At anytime of the day Tyler Junior College students and staff can hear the tap of a snare drum or the low boom of a base drum from any place on campus.
The TJC drumline is much more than just the beat behind the band, it combines with instruments such as xylophones, marimba players, and bells to create a percussion sound.
There is a regular drumline for marching and then there is a winter guard that competes in competitions, said Tom McGowan, associate director of percussion.
“This year the winter guard got to compete in Nashville, Tenn. in the regional competition in the percussion division. In the prelims they scored 85.7 (out of 100) and in the finals they scored 87.7, which in both prelims and finals they got third place,” said McGowan.
A band is a family of music and talent, however, in order to support the band, the drumline has to work themselves to maintain a balance of sound.
“We see each other throughout the day, for many hours,” said Nicole Bullard, Marimba player (pit). “That makes us closer, like a small family. It’s fun. It’s active. You always get something to do,” said Bullard.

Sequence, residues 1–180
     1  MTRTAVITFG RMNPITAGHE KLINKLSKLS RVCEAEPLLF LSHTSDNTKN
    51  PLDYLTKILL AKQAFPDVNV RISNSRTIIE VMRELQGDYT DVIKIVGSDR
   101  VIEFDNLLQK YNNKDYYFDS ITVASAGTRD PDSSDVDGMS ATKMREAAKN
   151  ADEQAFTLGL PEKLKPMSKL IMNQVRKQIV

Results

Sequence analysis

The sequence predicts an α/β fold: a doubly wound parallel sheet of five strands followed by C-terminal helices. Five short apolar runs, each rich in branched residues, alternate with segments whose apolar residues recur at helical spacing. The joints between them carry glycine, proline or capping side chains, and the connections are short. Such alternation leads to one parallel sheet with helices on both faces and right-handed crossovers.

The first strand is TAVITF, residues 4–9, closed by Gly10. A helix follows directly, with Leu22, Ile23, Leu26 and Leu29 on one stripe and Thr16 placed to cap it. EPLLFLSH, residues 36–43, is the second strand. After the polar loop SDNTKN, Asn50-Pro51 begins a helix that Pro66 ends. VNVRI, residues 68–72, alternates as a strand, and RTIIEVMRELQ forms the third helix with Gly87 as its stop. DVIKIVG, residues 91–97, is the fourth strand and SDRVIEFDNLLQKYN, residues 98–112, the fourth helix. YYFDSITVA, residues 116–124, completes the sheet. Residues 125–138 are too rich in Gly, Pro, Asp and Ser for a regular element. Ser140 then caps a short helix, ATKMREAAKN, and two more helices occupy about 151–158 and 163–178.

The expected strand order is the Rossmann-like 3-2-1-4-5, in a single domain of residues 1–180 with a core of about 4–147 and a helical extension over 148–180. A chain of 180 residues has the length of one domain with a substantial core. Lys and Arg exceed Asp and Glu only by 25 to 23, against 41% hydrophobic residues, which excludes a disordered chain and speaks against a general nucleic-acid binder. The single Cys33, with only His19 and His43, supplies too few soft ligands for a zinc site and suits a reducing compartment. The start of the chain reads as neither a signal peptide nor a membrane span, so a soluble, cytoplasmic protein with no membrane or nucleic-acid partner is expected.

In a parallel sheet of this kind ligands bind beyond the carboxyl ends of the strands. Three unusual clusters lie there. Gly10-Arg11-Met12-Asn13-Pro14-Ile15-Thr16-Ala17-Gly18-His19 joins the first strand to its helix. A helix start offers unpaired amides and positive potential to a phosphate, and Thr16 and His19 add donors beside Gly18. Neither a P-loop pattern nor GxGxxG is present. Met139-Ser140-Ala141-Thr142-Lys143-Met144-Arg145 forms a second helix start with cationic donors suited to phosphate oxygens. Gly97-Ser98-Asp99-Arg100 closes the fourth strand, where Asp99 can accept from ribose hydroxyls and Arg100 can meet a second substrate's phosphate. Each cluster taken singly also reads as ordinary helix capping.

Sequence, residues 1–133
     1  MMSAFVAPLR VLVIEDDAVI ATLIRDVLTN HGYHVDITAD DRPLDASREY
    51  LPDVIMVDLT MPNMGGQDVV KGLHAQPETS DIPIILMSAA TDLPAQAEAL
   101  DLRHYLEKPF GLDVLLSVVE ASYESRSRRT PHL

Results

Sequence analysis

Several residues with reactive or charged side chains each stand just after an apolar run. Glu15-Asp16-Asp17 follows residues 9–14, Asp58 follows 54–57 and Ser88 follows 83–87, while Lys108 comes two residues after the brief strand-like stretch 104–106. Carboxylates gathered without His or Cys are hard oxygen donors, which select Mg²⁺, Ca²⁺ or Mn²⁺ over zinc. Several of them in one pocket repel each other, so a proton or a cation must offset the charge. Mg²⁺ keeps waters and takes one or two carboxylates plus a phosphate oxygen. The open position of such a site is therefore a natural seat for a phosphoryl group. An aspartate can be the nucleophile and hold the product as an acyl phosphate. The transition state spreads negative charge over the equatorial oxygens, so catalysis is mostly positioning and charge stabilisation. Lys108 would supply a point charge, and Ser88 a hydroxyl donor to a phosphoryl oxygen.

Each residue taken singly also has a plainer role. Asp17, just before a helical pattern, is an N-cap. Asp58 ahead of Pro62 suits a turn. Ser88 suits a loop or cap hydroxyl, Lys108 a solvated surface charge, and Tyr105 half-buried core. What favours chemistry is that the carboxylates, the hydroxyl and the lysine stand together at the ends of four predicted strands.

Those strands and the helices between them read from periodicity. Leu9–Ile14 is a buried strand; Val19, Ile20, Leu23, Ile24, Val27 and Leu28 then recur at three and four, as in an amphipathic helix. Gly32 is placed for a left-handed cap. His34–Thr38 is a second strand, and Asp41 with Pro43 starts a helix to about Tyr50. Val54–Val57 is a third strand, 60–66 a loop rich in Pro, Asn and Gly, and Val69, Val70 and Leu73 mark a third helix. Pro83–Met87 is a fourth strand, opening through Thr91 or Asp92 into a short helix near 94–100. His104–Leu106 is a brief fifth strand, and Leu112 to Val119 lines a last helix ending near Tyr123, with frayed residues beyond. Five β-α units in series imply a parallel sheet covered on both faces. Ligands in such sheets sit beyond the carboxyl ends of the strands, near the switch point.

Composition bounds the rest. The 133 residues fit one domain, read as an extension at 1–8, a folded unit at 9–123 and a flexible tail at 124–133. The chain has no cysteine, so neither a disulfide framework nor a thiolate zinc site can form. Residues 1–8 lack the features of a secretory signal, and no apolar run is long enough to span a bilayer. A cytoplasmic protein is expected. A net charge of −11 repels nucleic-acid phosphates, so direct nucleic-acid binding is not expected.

So what goes into having a successful drumline for competitions?
“Well the winter guard is smaller than the fall line-about 26 people in drumline and pit,” said McGowan. “They practice Monday, Wednesday, and Friday from 5:30 p.m. to about 8:30 p.m. and they practice for a full day on Saturdays, from about 9 a.m. to 9 p.m. They practice a lot.”
With the big Dayton, Ohio competition coming the drumline prepares to beat out the competition with a strong performance of the piece “Body Language.”
“Our contender for the medal is Penn State, who were one point behind TJC [in the Nashville competition],” said McGowan. “We just need to change a couple of moves and just have to make a better performance and play better. This year’s group is the most talented group we’ve had. They’re hard workers and dedicated. The marchers will go upstairs in the training room to lift, run, and bike. They train like athletes,” said McGowan.
With hours of practice and pure talent coursing through the drumline, a medal in the Dayton competitions appears attainable.
“I feel confident,” said Bullard. “Just hoping for a medal.”